This article was written by Madison Ruppert and was originally published at End The Lie
The Oregon Army National Guard has stated that they are planning to launch unmanned aerial vehicles (UAVs), better known as drones, out of the public Eastern Oregon Regional Airport, along with other Oregon agencies, although the Guard already flies drones domestically.
This is hardly surprising, especially given that we already know that the U.S. military is operating drones domestically and sharing intelligence with law enforcement (also see below video), Predator drones are going to soon be operating over North Dakota, and drones have already been openly used to assist law enforcement.
Furthermore, the Department of Homeland Security (DHS) has embraced small surveillance drones and is going to begin testing in Oklahoma, the Pentagon already identified 110 potential drone bases in the U.S. and a new drone training facility is being built in Florida.
Now another facility can be added to the list with the National Guard using the airport to train the 23-troop platoon.
“City officials are optimistic the new high-tech industry could bring jobs to Pendleton and fill properties on airport land,” according to the East Oregonian.
This type of excuse is actually quite typical when defending drones and is regularly used by those who would like to gloss over the legitimate privacy concerns, as the aviation industry so desperately does.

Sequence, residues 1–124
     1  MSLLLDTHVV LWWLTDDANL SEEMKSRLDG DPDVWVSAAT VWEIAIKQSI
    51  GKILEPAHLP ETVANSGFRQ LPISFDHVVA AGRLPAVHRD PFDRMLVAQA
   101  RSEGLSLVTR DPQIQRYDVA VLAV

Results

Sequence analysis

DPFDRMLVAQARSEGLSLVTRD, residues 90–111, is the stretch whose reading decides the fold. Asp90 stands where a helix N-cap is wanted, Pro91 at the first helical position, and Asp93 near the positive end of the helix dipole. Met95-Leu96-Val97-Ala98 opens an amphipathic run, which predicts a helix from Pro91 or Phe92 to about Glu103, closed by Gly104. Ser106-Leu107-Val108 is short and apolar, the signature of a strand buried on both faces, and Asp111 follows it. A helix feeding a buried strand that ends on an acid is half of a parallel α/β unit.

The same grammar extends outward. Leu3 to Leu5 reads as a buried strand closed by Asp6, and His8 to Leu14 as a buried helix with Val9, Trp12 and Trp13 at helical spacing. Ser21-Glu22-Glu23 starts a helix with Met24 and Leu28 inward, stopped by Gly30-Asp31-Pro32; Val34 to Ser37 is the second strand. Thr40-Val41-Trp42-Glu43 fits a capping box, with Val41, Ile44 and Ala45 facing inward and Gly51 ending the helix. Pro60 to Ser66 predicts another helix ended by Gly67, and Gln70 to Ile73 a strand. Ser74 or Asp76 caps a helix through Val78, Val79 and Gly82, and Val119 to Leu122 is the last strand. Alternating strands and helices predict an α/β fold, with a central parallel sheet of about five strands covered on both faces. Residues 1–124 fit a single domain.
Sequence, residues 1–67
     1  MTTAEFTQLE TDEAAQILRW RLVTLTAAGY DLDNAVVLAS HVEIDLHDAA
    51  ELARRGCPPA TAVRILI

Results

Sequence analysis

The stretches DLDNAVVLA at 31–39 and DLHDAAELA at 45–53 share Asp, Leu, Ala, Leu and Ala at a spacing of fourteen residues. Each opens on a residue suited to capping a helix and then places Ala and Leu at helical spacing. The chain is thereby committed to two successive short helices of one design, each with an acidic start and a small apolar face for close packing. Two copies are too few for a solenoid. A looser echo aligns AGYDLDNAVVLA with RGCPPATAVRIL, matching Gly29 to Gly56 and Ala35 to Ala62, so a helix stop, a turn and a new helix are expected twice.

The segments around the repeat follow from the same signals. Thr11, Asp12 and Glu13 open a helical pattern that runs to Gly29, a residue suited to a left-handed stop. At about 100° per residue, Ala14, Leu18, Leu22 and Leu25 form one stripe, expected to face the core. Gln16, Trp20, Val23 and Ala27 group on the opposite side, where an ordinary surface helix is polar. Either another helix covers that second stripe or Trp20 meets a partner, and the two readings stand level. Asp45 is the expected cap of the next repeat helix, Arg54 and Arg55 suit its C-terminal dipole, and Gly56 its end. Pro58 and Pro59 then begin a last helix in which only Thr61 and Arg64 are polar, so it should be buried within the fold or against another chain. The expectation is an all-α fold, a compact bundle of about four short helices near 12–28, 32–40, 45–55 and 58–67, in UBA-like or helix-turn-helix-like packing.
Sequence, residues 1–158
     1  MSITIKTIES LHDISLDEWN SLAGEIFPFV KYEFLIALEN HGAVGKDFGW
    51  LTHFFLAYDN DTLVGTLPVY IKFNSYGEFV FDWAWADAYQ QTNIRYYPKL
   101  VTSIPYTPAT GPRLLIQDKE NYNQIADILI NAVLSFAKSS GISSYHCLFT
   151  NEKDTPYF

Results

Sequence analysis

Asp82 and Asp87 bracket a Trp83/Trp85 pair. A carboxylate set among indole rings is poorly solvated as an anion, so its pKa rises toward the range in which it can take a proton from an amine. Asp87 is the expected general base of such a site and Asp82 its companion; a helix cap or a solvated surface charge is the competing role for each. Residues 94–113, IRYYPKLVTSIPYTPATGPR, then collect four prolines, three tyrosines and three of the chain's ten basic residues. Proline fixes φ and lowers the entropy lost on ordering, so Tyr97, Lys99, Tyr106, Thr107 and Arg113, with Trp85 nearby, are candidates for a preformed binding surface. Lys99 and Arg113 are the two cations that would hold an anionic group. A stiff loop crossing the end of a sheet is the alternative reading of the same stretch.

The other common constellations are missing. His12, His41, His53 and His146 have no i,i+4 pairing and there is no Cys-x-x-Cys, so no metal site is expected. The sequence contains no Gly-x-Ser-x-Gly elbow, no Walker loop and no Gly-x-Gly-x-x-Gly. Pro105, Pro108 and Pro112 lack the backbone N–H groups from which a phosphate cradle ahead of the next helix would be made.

According to the Associated Press, the Oregon Army National Guard’s Gregg Schroeder said that the only thing holding the drones back is approval from the Federal Aviation Administration (FAA).
On top of the Guard flying drones out of the airport, the AP reports that the Oregon Fish and Wildlife Department and others like Oregon State University could use the facility as well.
The department could use drones to “spot fires, track salmon migration, locate lost hunters and hikers and gather crop moisture information,” according to Fish and Wildlife commissioner Carter Kerns, who, according to AP, “volunteered to research how UAVs could benefit the city.”
“The possibility for economic development for [Pendleton, Oregon], I think, would be measured in the millions rather than the hundreds of thousands,” Kerns, a retired FBI agent, said to AP. “(It would be) the best thing that’s happened to Pendleton in my lifetime, and I was born here.”
However, as AP notes, the Guard already flies four out of five of their drones housed at the Guard’s Boardman station.
Obtaining FAA clearance to fly out of Eastern Oregon Regional Airport would just give the Guard the opportunity to fly even more often. Of course, it would also open the door to much more drone use, as noted above.
Even if FAA clearance is obtained, AP reports that the Guard platoon would “continue to conduct training in Boardman, such as night flights” since they would not be allowed to carry out night flights at the airport.
Allen Kenitzer, a spokesman for the FAA, unsurprisingly declined to comment on drones.
While the Guard platoon’s drones reportedly are not allowed to fly over densely populated areas, there is little to nothing actually stopping them from doing so.
AP did not report the actual model of the drones flown by this Guard platoon but from the following description one can conclude what it likely is.
“[The drones] are shaped like airplanes, weigh 375 pounds, are 12 feet long and have a 13 foot wingspan,” the AP reports.
This appears to be AAI Corporation’s RQ-7A/B Shadow models which are very roughly shaped like planes. In this case, specifically the 200 family of drones (not including the re-wing model), which have a length of 11.2 ft, a wingspan of 14 ft, and a gross weight of 375 pounds.
As far as I can tell, this is the only family of drones with the exact figure of 375 pounds, even though that figure is gross weight.
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